Sewing her Self-Respect

Speeches Shim

Tuesday, November 3, 2020
(Top to bottom): Rita Sahoo on a motorized tricycle; at her sewing machine

Rita Sahoo contracted polio during her childhood, when the disease still caused death and disability among large numbers of Indian children and adults. Sahoo was sent by her family to live in an ashram (residential facility) at the age of four. As she got older, the ashram refused to keep her and she had to return home, where she lived with her parents, two sisters, and brother.  Her mother tried to care for her but her alcoholic and abusive father disliked her, ensuring that her treatment needs were neglected.  And although she had gone to school through the 10th grade, Sahoo worked as an unpaid cook, compensated only with a daily meal. As time wore on, the entire family began to neglect her, eventually leaving her alone to fend for herself when they moved away.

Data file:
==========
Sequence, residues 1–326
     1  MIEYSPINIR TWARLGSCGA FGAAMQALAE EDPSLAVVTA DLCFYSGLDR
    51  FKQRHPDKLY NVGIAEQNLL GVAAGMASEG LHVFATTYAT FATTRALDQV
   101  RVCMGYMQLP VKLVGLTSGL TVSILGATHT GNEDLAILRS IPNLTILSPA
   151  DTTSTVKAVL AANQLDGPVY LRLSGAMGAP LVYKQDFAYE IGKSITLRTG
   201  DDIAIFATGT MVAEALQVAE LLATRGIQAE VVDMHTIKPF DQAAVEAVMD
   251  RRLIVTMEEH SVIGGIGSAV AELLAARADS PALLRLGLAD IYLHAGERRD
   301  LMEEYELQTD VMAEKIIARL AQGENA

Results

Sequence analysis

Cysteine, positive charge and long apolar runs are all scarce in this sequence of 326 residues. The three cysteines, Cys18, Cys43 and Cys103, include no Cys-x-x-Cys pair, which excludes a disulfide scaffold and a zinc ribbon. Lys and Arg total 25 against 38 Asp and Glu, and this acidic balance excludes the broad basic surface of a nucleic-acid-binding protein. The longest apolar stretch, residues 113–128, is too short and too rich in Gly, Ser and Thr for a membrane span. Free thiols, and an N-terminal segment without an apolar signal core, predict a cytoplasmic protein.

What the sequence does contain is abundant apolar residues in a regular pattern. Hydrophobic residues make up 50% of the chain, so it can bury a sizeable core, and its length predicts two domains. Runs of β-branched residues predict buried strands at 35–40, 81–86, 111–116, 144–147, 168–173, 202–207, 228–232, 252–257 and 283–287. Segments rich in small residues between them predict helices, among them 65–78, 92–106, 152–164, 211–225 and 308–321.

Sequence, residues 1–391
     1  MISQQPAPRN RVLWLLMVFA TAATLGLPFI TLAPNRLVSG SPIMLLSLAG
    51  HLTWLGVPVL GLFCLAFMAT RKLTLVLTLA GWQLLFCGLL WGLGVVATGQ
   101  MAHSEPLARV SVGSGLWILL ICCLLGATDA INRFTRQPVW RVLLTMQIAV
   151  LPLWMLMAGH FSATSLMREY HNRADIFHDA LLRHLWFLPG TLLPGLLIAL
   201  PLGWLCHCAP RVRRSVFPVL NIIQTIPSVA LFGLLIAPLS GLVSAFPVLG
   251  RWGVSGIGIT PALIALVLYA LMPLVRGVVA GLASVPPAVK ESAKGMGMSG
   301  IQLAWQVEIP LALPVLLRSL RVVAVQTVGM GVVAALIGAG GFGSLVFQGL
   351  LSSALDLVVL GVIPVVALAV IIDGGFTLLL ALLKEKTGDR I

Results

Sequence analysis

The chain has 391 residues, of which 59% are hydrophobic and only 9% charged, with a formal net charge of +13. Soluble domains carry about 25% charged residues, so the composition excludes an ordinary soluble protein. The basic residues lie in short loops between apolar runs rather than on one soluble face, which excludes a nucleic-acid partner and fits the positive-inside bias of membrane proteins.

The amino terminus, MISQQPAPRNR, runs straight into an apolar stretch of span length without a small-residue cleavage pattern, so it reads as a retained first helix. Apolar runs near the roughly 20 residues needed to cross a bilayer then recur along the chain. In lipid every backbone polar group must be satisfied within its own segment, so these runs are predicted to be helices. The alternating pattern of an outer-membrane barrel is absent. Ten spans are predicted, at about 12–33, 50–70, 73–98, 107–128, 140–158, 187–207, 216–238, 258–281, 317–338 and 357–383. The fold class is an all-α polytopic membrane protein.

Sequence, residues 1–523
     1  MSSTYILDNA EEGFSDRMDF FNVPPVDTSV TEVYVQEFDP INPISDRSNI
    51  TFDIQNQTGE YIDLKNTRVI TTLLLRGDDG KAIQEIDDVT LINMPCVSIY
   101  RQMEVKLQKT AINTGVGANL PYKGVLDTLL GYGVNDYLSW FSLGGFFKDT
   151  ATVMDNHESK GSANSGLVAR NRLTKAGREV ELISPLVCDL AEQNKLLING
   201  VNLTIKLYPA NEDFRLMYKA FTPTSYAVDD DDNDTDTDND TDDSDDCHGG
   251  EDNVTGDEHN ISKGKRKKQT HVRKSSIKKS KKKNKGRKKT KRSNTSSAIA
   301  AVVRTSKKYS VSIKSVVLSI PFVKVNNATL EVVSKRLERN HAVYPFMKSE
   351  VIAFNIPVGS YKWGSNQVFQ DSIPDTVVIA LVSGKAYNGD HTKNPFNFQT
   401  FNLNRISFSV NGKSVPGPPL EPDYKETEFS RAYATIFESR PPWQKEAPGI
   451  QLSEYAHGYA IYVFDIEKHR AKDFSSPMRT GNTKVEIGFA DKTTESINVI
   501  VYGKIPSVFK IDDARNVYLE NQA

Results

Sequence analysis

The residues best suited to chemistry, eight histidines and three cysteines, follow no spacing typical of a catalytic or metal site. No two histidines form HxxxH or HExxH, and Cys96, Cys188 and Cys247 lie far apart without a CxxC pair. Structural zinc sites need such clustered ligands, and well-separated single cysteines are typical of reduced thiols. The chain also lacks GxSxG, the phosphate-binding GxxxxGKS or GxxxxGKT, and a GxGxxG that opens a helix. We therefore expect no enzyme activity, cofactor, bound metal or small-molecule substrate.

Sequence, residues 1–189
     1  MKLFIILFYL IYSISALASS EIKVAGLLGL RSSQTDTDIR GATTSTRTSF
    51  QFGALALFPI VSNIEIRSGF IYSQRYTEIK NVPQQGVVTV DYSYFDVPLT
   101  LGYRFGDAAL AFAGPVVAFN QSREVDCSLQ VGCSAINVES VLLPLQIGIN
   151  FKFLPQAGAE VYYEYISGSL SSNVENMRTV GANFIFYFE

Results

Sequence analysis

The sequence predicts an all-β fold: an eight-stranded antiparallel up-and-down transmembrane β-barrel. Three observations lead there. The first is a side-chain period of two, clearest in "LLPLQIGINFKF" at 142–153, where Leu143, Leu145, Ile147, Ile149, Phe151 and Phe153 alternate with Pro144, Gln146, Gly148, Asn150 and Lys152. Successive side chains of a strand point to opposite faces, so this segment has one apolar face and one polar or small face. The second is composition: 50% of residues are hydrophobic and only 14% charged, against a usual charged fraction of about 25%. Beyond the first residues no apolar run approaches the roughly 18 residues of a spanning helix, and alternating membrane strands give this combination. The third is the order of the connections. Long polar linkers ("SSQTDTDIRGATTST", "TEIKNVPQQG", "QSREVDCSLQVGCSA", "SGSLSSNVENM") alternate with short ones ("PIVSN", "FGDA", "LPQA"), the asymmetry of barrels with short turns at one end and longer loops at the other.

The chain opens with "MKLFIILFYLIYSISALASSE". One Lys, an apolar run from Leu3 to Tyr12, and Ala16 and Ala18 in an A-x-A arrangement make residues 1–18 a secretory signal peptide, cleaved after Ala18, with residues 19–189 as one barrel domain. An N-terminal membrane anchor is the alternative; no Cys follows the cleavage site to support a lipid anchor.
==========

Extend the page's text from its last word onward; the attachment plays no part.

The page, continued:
With nothing left to lose, Sahoo left for the seaside city of Puri, in India’s coastal state of Odisha. A helpful neighbor told her about the USAID-supported ‘Building Capacity of Women with Disabilities in India,’ which is implemented by the Shanta Memorial Trust (SMRC). The program works to transform discriminatory social norms and practices directed at women with disabilities in three Indian states, to ensure that legal, economic, and administrative structures are responsive to their safety and independent living needs. A community worker with SMRC helped Sahoo learn sewing and, because she is a hard worker, she completed a six-month tailoring course in just three months. Currently, she is working and earning a salary that, with SMRC’s support, allows her to live on her own. SMRC helped her learn to manage her accounts and banking and deal with the local vendors independently and she hopes to eventually earn enough to become completely independent.